And, I do doubt, the hatch, and the disclose,
Will be some danger: Which for to prevent,
I have, in quick determination,
Thus set it down; He shall with speed to England,
For the demand of our neglected tribute:
Haply, the seas, and countries different,
With variable objects, shall expel

?

This something-settled matter in his heart;
Whereon his brains still beating, puts him thus
From fashion of himself. What think you on't?
Pol. It shall do well: But yet I do believe,
The origin and commencement of his grief
Sprung from neglected love.-How now, Ophelia
You need not tell us what lord Hamlet said;
We heard it all.-My lord, do as you please;
But, if you hold it fit, after the play,
Let his queen mother all alone entreat him
To show his grief; let her be round3 with him:
And I'll be plac'd, so please you, in the ear
Of all their conference: If she find him not,
To England send him; or confine him, where
Your wisdom best shall think.

King. It shall be so: Madness in great ones must not unwatch'd go. [Exeunt. SCENE II-A hall in the same. Enter Hamlet, and certain Players.

Ham. Speak the speech, I pray you, as I pronounced it to you, trippingly on the tongue: but if you mouth it, as many of our players do, I had as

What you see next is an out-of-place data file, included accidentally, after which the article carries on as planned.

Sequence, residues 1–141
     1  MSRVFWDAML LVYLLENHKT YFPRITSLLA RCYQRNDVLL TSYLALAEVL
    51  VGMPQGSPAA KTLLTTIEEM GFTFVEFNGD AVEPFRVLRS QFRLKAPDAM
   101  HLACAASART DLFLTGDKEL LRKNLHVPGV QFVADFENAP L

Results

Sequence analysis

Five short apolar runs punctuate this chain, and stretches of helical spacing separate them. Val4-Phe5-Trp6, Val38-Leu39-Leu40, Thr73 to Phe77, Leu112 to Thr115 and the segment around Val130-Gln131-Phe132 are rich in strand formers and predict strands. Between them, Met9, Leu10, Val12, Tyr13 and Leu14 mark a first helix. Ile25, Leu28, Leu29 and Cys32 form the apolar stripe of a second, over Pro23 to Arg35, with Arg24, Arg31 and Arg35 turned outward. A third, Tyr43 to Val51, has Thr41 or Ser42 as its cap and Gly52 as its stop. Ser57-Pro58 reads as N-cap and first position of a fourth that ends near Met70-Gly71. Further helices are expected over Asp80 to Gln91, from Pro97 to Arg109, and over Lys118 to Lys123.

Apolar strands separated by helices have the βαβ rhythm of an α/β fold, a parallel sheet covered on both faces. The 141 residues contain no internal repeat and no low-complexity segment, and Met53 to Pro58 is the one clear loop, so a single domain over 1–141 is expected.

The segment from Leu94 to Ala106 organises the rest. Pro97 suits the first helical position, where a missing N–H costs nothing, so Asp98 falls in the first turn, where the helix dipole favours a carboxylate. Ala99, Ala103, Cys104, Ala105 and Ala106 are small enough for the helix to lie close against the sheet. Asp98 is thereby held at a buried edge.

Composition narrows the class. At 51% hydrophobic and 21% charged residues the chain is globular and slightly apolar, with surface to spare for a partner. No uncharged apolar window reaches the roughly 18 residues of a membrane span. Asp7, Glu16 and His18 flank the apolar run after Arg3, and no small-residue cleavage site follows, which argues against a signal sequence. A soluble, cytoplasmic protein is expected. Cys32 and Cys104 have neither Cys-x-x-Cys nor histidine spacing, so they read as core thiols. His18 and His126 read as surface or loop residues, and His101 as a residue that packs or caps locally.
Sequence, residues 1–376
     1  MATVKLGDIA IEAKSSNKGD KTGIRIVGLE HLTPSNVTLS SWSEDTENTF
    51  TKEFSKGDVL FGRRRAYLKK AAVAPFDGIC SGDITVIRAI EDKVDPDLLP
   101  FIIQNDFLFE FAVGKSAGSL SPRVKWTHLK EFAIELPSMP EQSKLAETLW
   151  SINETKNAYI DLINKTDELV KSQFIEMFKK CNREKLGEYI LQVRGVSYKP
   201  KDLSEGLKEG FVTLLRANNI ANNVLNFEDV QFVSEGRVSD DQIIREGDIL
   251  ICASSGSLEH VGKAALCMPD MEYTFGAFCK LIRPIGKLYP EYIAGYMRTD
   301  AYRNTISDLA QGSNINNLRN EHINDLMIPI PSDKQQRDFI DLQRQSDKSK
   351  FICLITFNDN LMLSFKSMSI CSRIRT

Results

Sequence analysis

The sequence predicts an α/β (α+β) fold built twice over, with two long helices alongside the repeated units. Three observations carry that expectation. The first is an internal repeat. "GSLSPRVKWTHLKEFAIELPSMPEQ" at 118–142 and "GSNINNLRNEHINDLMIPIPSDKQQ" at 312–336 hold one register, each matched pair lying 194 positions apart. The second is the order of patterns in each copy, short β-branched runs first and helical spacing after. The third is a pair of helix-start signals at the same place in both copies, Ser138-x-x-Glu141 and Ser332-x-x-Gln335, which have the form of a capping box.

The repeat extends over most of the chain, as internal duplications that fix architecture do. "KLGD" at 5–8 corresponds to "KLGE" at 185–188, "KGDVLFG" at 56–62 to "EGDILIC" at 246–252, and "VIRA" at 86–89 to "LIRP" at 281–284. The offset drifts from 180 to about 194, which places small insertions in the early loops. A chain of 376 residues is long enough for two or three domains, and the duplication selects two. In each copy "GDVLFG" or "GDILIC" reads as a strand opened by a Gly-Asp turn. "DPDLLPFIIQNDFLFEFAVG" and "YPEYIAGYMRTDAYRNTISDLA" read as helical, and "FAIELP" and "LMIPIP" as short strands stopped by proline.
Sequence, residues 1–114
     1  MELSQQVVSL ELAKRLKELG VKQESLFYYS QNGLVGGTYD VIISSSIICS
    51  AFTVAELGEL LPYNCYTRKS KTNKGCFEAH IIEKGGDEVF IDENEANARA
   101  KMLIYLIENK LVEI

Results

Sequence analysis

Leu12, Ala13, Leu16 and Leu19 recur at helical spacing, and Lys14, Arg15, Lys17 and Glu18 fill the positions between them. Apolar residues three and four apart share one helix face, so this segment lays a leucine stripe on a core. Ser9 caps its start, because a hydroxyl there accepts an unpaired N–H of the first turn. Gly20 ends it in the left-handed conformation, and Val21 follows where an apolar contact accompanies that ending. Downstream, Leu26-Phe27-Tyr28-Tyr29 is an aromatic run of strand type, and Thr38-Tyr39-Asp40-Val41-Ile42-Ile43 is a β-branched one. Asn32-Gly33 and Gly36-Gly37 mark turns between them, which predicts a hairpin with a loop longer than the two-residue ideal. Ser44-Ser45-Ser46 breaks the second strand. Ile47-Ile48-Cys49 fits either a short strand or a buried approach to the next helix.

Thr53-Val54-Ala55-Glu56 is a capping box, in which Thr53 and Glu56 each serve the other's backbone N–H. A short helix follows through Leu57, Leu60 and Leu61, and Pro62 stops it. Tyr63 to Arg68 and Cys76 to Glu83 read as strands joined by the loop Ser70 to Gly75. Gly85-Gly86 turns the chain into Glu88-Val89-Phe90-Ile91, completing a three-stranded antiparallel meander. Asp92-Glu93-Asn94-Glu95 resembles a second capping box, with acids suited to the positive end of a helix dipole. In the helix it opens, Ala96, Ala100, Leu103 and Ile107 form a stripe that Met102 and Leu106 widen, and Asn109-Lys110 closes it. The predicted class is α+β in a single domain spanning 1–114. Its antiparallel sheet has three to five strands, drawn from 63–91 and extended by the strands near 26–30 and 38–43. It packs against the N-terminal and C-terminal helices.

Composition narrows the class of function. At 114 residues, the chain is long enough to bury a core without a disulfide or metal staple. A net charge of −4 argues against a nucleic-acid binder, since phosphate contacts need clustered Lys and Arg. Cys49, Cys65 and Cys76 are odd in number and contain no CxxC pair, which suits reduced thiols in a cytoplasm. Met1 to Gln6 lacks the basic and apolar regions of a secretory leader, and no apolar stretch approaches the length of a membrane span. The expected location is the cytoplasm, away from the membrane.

(1) The model by whom all endeavoured to form themselves.

(2) Alienation of mind.

(3) Reprimand him with freedom.

lief the town-crier spoke my lines. Nor do not saw the air too much with your hand, thus; but use all gently; for in the very torrent, tempest, and (as I may say) whirlwind of your passion, you must acquire and beget a temperance, that may give it smoothness. O, it offends me to the soul, to hear a robustious periwig-pated fellow tear a passion to tatters, to very rags, to split the ears of the groundlings:4 who, for the most part, are capable of nothing but inexplicable dumb show, and noise: I would have such a fellow whipped for o'er-doing Termagant; it out-herods Herod: Pray you, avoidit. 1 Play. I warrant your honour.

Ham. Be not too tame neither, but let your own discretion be your tutor: suit the action to the word, the word to the action; with this special observance, that you o'erstep not the modesty of nature: for any thing so overdone is from the purpose of playing, whose end, both at first, and now, was, and is, to hold, as 'twere, the mirror up to nature; to show virtue her own feature, scorn her own image, and the very age and body of the time, his form and pressure.6 Now this, overdone, or come tardy off, though it make the unskilful laugh, cannot but make the judicious grieve: the censure of which one, must, in your allowance,' o'er-weigh a whole theatre of others. O, there be players, that I have seen play,-and heard others praise, and that highly,not to speak it profanely, that, neither having the accent of christians, nor the gait of christian, pagan, nor man, have so strutted, and bellowed, that I have thought some of nature's journeymen had made men, and not made them well, they imitated humanity so abominably.